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Chapter 4 Marketing on the Web Learning Objectives In this chapter, you will learn about: When to use product-based and customer-based marketing strategies Communicating with different market segments Customer relationship intensity and the customer relationship life cycle

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chapter 4

Chapter 4

Marketing on the Web

learning objectives
Learning Objectives

In this chapter, you will learn about:

  • When to use product-based and customer-based marketing strategies
  • Communicating with different market segments
  • Customer relationship intensity and the customer relationship life cycle
  • Using advertising on the Web
  • E-mail marketing
learning objectives3
Learning Objectives
  • Technology-enabled customer relationship management
  • Creating and maintaining brands on the Web
  • Search engine positioning
web marketing strategies
Web Marketing Strategies
  • Increasingly, companies are classifying customers into groups and creating targeted messages for each group.
  • The size of these groups can be smaller when dealing with the Web.
  • New research has suggested ways in which Web sites can respond to visitors who arrive with different needs at different times.
web marketing strategies5
Web Marketing Strategies
  • Companies use the term “marketing mix” to describe the combination of elements that they use to achieve their goals for selling and promoting their products or services.
  • A company calls its particular “marketing mix” its marketing strategy.
web marketing strategies6
Web Marketing Strategies
  • The essential issues of marketing are also referred to as the four Ps of marketing.
    • Product
    • Price
    • Promotion
    • Place
four ps of marketing
Four Ps of Marketing
  • Product is the physical item or service that a company is selling.
  • The price element of the marketing mix is the amount the customer pays for the product.
  • Promotion includes any means of spreading the word about the product.
  • The issue of place is the need to have products or services available in many different locations.
product based marketing strategies
Product-based Marketing Strategies
  • Managers at many companies think of their businesses in terms of the products and services they sell
  • When customers are likely to buy items from particular product categories, this type of product-based organization makes sense
product based marketing strategies9
Product-based Marketing Strategies
  • Most office supplies stores on the Web believe their customers organize their needs into product categories.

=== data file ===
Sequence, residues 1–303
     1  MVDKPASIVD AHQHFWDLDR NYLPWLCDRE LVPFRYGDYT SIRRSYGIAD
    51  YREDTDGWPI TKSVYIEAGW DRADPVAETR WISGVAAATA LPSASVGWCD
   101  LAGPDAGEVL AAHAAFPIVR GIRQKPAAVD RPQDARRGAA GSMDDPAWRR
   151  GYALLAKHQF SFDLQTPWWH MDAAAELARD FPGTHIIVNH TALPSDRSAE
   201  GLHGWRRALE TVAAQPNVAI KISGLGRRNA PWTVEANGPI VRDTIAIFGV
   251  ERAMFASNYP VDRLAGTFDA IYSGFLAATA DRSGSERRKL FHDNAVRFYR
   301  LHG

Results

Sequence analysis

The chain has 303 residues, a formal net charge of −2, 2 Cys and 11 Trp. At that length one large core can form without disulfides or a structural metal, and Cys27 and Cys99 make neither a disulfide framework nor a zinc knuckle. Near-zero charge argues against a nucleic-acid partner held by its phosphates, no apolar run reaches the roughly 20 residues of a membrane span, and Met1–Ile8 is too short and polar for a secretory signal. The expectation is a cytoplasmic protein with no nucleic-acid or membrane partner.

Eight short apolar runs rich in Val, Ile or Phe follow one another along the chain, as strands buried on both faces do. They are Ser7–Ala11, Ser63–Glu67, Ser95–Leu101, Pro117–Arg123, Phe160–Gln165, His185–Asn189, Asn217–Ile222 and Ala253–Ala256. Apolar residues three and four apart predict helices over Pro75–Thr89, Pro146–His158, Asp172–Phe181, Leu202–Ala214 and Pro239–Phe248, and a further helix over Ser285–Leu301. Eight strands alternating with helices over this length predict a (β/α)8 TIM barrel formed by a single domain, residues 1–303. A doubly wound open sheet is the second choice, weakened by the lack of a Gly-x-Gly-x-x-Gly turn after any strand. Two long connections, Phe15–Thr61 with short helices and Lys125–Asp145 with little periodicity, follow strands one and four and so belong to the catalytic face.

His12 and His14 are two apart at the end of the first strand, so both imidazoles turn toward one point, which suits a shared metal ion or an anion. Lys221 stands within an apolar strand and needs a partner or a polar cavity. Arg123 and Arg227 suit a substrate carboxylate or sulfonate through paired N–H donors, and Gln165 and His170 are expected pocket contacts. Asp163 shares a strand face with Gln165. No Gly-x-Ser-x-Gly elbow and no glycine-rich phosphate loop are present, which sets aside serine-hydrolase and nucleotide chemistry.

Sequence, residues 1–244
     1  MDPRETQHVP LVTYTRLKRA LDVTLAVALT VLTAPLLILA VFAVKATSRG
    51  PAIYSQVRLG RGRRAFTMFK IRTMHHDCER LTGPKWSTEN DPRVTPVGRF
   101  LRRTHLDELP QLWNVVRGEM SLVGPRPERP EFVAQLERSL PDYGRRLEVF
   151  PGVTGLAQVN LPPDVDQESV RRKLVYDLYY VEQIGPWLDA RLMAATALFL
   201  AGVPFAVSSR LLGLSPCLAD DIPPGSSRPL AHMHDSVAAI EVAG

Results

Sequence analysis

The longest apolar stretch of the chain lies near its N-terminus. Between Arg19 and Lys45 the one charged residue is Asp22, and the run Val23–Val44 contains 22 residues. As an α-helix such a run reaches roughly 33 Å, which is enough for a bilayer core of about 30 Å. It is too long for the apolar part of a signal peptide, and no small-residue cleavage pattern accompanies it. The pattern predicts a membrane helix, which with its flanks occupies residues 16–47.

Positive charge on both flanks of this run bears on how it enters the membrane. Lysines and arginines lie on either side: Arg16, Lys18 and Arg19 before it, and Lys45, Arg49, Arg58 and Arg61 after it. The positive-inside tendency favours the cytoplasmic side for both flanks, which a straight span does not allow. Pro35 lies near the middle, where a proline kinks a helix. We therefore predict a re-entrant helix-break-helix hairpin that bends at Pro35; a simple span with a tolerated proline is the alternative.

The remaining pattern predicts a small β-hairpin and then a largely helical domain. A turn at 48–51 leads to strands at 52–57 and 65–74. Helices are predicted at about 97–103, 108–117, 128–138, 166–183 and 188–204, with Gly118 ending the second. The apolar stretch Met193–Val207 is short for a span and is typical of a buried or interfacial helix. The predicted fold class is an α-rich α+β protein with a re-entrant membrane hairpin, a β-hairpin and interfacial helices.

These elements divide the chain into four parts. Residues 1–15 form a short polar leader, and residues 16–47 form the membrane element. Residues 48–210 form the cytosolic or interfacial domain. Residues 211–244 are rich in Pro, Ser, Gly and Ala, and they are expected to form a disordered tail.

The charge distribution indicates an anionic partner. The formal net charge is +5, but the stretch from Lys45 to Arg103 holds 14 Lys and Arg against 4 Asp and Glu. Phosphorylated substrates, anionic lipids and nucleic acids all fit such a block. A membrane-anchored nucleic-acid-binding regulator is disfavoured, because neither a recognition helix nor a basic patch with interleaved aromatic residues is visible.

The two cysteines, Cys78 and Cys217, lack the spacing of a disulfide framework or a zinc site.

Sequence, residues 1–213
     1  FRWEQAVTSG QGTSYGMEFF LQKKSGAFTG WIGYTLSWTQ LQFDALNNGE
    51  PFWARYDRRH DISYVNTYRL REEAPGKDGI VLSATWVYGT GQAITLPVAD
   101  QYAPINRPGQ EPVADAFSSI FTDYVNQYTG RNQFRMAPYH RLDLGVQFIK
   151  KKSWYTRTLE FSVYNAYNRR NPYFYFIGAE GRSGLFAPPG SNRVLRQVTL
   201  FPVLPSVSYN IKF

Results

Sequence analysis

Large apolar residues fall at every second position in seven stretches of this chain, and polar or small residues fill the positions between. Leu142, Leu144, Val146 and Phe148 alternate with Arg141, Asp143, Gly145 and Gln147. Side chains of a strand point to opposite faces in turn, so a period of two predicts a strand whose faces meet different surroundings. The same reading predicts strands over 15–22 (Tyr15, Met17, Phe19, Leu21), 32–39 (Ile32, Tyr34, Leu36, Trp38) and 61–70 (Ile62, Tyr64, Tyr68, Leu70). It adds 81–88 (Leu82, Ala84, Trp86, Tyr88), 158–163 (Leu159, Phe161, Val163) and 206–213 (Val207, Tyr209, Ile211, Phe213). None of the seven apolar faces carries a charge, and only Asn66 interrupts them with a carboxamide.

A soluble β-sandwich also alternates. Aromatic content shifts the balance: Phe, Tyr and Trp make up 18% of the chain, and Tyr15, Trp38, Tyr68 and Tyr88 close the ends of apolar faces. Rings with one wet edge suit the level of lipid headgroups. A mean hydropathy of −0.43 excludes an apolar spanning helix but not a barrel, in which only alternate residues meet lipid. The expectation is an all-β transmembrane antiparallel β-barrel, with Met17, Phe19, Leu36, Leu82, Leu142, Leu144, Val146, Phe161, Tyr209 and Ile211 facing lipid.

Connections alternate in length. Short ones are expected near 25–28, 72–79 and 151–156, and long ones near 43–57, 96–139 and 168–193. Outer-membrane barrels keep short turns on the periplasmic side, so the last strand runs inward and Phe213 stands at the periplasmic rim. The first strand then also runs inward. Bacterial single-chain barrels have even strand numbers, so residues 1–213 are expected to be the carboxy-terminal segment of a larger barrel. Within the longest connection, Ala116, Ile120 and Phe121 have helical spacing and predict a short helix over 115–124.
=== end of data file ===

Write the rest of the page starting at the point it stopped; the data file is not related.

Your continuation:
• The Staples home page uses product categories as a very strong organizing theme.
  • The Staples page has tabbed headings near the top of the page that links to product categories.
customer based marketing strategies
Customer-based Marketing Strategies
  • Web sites can be created that are flexible enough to meet the need of many different users.
  • Instead of thinking of their Web sites as a collection of products, companies can build their Web sites to meet the specific needs of various types of customers.
  • A good first step in building a customer-based marketing strategy is to identify groups of customers that share common characteristics.
  • For example, Office Depot directs customers into one of two branches.
communicating with different market segments
Communicating with Different Market Segments
  • Identifying a group of potential customers is just the first step in selling to those customers.
  • Equally important is the selection of the communication media to carry the marketing message.
  • In the physical world, companies can convey a large part of their message by the way they construct buildings and design floor space.
  • Media selection can be critical for an online firm because it does not have a physical presence.
communicating with different market segments12
Communicating with Different Market Segments
  • The only contact a potential customer might have with an online firm could well be the image it projects through the media and through its Web site.
  • The challenge for online businesses is to convince customers to trust them even though they do not have an immediate physical presence.
trust and media choice
Trust and Media Choice
  • The Web is an intermediate step between mass media and personal contact.
  • Using the Web to communicate with potential customers offers many of the advantages of personal contact and many of the cost savings of mass media.
market segmentation
Market Segmentation
  • The identification of specific portions of a market and targeting them with specific advertising messages is called market segmentation.
  • Market segmentation divides the pool of potential customers into segments.
  • The practice of targeting very small market segments is called micromarketing.
market segmentation16
Market Segmentation
  • Marketers have traditionally used three categories of variables to identify market segments
    • Geographic segmentation – location
    • Demographic segmentation – information, such as age, gender, family size, income, education, religion, or ethnicity
    • Psychographic segmentation – variables, such as social class, personality, or their approach to life
market segmentation17
Market Segmentation
  • Companies that advertise on television often create messages designed to reach the likely audiences of various types of programs.
market segmentation on the web
Market Segmentation on the Web
  • The Web gives companies an opportunity to present different store environments online.
market segmentation21
Market Segmentation
  • Both the Old Navy and Eddie Bauer Web sites are well-designed and functional.
  • However, you will notice that they are addressed to different market segments.